Do us all a favor, better yet, do yourself a favor, and read biblical books, collections of biblical books, and the Bible as a whole in context. That will save us all from using the Bible to regurgitate the very poison that is choking us to death. Let the Bible speak. Stop interrupting with what you already believe, especially since what you already believe is so unbelievably stupid. We don't need more independence from God. That's all we do have in this culture. We need some people who actually have independence from the culture and all of its philosophically suicidal tendencies. And we can only have independence of thought if a voice that transcends culture gets to speak into our lives.

So, no, reading the Bible as a bunch of little stories that support exclusively modern Western ideals is a bad idea, not only because it's hopelessly ethnocentric and elitist to think that such ideals as being rewarded for not obeying God would actually be supported, rather than corrected, by Scripture, but because it never provides the Scripture the opportunity to actually say what it wants to say about those ideals. Scripture is merely a collection of a thousand truisms that can be used to advocate any man's ideals. But if we allow the Scripture to speak, we hear it say that "the [human] mind is more deceitful than anything else, and desperately sick. Who can understand it?" It is the Lord who searches the mind and ideas of a man in order to judge them appropriately. Hence, if we do not allow Him to wade through the muck and mire of our own philosophies with what He intends to say within the context of His Word, we will be left to the mercy of our own foolishness and deception.

To be honest, this is the number one reason why there are so many biblical interpretations. It isn't because the Bible is so loose and unclear with what it says that you can interpret it in so many ways. It's simply because, in the vast majority of cases where you have numerous interpretations, no one bothers to read what is said in context.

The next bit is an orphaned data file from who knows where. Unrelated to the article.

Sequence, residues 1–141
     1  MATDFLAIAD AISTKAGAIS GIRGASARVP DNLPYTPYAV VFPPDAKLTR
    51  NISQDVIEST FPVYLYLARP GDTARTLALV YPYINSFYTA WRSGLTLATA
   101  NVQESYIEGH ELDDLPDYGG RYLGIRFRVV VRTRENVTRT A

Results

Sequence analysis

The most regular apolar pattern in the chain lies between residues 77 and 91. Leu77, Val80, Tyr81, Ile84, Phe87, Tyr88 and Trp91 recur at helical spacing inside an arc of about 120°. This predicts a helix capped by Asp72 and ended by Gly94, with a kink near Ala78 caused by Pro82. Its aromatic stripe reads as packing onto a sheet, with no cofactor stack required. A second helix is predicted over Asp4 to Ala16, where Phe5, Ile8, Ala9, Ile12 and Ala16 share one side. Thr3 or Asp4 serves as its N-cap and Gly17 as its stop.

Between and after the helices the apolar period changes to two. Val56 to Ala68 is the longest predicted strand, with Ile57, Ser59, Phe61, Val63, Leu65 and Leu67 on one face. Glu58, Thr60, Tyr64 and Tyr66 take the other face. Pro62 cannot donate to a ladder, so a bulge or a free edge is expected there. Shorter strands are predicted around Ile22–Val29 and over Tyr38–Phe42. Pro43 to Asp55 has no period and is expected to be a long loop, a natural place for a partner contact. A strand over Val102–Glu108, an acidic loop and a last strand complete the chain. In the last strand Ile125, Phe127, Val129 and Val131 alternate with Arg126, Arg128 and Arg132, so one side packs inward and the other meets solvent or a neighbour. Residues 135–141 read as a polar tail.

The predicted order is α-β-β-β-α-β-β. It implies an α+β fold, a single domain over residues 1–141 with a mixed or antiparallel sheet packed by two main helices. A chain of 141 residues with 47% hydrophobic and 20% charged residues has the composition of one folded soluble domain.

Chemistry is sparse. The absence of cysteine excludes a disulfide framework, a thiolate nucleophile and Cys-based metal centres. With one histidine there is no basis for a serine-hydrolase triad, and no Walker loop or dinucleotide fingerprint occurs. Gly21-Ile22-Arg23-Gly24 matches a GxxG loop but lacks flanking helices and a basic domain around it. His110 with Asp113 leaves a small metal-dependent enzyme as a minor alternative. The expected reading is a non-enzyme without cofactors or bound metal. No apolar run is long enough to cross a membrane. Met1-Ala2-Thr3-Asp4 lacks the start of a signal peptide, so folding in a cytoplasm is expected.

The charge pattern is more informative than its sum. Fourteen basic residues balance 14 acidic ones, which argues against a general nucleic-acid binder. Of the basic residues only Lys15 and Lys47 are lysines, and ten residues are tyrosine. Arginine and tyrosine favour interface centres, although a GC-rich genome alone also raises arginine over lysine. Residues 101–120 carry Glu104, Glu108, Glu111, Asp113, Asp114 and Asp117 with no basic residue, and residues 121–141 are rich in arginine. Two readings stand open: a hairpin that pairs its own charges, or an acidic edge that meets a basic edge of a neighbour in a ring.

So here is my very basic advice. Read an entire book of the Bible and ask yourself what the main argument the book is making might be. Then go back over the individual passages within that book and ask yourself how those individual passages fit into the argument as a whole. If they don't, you either have the wrong understanding of the individual passages or the wrong understanding of the book's argument. Either way, keep at it, back and forth, back and forth again, and you will eventually come to it. Scripture is meant to be pondered and understood with perseverance, so keep seeking and ye shall find. If you want an immediate understanding of the Bible, such impatience will likely not receive it. Then, once you have done this with the book, do it for the entirety of a section of Scripture (like the Tetrateuch or the Deuteronomistic History or the Book of the Twelve). Then, try and understand how it all fits together within the message of the canon. That's the way you're going to understand the Bible beyond these pathetic cultural/cultic misuses and abuses of said Bible. To put it plainly, "Context, context, context. Context is king."


  1. Great point. That Hebrew Commentary guy was shoe-horning his philosophy into the Bible--eisegesis instead of exegesis. And the idea that Karl Marx was a shepherd? I think I just threw up a little in my mouth...

  2. LOL. I know. I was stunned that an interpretation that flies so obviously in the face of what the narrative is actually saying is so casually put forth as some ingenuous answer to understanding that passage. Amazing.